(disclaimer, I used to be a member of the Soil Association)
  2.  (8690.3)
    The health issues to the surrogate parents thing does puzzle me, as wouldn't a cow hosting the embryo of another cow be at the same level of risk as any other cow that's had implanted young, be they from a clone or the result of a fertility project? If the animal is watched over by a veterinarian throughout its life, is deemed healthy, and its meat is properly and safely processed...
    what are you afraid of?

    Either the animal is healthy, and it's safe, or it isn't and the issue isn't the animal but the veterinarians that didn't notice it was unwell, and the guys that check out the meat to make sure it's okay, who somehow also missed that.

    editing to add MOAR BBC COW DRAMA
    The FSA has admitted it does not know how many embryos from cloned animals have been imported into Britain, but stressed there was no evidence of a safety risk.

    And Hugh Pennington, emeritus professor of microbiology at the University of Aberdeen, also said meat and milk from cloned cows posed no health risks.

    He said: "It is perfectly safe. They are just the same as their parents from the genetic point of view so there's no problem there."
  3.  (8690.4)
    The FSA classes cloned meat as a 'novel food' therefore not approved for consumption hence the investigations. For me, the issue isn't really anything to do with the safety of the end product, but more about the farming industry pulling a fast one and letting these things go native so they're impossible to trace, or presented as a fait accompli. Similar issue to the GM rice one a few years back where US rice was contaminated by an unapproved GM strain and the EU told it to fuck off out of our food chain.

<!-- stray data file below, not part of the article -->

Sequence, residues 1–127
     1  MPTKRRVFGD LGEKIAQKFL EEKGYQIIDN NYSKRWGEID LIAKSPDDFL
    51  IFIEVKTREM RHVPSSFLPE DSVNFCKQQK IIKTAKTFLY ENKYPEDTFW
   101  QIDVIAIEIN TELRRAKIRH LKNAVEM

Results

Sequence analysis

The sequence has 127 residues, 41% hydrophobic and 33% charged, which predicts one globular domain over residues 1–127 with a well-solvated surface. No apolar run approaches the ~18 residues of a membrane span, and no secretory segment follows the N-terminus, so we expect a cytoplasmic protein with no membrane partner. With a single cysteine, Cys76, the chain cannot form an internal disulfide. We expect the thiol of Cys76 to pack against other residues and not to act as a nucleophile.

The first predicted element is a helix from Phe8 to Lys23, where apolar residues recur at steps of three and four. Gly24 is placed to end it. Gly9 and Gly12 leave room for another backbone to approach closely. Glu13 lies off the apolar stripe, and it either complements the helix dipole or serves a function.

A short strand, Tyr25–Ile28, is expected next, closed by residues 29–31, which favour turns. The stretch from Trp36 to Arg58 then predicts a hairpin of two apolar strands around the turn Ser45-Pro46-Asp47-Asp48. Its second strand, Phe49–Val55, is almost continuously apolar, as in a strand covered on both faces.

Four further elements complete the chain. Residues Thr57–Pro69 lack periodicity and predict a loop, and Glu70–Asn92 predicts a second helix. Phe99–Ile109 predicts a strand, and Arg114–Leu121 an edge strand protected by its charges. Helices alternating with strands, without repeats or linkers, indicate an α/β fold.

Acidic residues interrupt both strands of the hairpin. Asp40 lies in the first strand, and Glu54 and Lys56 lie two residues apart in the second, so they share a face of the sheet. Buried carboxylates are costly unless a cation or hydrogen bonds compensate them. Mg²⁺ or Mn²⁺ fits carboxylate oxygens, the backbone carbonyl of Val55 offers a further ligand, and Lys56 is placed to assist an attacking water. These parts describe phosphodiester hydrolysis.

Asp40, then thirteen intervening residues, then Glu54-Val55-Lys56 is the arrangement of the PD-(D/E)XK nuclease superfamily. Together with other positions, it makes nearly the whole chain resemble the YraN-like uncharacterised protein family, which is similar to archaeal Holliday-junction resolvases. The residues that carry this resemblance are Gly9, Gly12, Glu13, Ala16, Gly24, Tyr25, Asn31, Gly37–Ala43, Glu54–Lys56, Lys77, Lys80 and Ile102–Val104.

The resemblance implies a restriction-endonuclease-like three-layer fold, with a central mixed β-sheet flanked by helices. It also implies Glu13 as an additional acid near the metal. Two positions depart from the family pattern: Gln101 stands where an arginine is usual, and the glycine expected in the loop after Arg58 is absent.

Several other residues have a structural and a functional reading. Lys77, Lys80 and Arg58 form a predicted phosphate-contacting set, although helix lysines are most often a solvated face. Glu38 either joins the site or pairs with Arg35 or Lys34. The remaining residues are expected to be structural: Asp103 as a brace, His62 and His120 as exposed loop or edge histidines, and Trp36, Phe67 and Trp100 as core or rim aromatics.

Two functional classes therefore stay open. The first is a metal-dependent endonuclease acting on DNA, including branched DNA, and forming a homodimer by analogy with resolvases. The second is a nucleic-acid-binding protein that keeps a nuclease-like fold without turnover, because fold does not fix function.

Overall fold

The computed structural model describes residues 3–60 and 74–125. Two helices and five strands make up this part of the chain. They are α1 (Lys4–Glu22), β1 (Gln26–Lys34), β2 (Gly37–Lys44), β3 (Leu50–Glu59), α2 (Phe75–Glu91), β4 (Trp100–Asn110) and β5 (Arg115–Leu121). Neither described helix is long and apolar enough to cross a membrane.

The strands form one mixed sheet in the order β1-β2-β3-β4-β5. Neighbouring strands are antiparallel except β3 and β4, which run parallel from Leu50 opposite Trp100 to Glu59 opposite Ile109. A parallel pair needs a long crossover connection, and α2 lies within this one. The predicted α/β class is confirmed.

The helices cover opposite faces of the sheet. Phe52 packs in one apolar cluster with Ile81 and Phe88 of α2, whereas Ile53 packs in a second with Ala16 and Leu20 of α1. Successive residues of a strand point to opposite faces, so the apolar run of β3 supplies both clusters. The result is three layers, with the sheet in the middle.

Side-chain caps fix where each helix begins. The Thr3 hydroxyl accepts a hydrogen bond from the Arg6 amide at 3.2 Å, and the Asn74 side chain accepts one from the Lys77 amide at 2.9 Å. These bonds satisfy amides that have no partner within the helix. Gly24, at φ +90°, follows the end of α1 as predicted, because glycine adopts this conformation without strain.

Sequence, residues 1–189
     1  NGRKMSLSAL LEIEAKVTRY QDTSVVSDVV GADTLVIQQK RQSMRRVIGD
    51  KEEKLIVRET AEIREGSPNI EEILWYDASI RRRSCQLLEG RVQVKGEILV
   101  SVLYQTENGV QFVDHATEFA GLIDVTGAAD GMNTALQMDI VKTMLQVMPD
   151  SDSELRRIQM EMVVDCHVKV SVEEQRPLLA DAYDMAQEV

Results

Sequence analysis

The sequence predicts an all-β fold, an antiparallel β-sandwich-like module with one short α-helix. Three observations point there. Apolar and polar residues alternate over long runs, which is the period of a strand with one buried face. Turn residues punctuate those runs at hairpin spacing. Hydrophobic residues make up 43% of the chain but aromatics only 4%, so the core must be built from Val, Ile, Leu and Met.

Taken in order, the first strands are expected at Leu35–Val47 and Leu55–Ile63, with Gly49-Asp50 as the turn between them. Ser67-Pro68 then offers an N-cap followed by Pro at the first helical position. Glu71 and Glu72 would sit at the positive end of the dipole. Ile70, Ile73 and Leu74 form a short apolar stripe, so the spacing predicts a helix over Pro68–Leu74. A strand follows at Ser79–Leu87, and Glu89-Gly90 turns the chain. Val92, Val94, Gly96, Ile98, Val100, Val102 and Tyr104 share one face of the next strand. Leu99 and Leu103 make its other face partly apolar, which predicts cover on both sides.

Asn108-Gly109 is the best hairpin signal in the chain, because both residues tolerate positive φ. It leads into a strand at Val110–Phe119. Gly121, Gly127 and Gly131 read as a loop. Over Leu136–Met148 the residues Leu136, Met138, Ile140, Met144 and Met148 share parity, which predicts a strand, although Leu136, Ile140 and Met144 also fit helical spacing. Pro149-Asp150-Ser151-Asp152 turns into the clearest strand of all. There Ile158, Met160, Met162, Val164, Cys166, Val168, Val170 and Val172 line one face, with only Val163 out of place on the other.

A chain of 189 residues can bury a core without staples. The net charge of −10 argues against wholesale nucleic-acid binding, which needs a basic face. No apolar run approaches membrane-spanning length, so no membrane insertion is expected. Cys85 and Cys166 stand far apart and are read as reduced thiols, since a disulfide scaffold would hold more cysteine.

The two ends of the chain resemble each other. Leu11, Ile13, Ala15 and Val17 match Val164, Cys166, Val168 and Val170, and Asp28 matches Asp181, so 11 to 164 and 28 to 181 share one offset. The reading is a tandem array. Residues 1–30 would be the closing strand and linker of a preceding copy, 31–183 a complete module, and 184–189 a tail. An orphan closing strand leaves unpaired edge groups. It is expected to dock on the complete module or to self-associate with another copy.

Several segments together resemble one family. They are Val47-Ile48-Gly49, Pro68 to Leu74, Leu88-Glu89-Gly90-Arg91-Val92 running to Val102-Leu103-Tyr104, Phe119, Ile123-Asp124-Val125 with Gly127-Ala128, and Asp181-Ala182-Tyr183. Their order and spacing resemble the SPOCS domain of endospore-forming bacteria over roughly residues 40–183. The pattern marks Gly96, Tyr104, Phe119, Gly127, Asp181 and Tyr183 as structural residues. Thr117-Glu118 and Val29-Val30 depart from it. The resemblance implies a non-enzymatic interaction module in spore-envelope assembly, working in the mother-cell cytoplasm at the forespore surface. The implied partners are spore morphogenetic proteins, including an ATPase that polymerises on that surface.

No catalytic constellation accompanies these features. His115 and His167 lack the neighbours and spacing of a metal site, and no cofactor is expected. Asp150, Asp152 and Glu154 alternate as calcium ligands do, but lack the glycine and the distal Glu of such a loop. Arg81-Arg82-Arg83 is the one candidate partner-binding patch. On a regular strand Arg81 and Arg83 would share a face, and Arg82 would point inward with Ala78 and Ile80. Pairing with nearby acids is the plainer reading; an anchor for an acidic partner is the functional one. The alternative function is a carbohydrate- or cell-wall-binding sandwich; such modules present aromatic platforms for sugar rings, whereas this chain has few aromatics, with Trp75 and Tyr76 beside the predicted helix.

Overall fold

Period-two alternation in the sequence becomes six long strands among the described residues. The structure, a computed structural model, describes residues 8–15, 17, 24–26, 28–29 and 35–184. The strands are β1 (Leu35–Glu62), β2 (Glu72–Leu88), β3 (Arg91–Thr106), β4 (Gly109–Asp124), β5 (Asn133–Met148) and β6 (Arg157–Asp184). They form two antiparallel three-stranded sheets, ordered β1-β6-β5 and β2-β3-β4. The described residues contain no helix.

For context, the UK is incredibly prickly about this sort of shit after BSE, Salmonella, Foot and Mouth etc. I'm on the FSA alerts list for work, and always snigger at the 'Oh shit, we've eaten a cow over 30 months' alerts that go out... but personally, I'm quite happy for them to be anal bastards about this.
  4.  (8690.5)
    So if its classified as a novel food, there's no safety checks?
  5.  (8690.6)
    Well, no, they would assess safety before approving it:

    From the FSA's site...

    Novel food assessments

    Under the 'Novel Foods Regulation' (Regulation (EC) No 258/97), a novel food is defined as a food that does not have a significant history of consumption within the European Union (EU) before 15 May 1997. Such foods are subject to a pre-market safety assessment before a decision is made on EU-wide authorisation.
    Cloned animals

    Foods produced from cloned animals fall under Regulation (EC) No 258/97 (the ‘Novel Foods Regulation’). This means that meat, milk or eggs from cloned animals would be subjected to a safety evaluation and approved by all European Union (EU) Member States as a novel food before they could be legally marketed.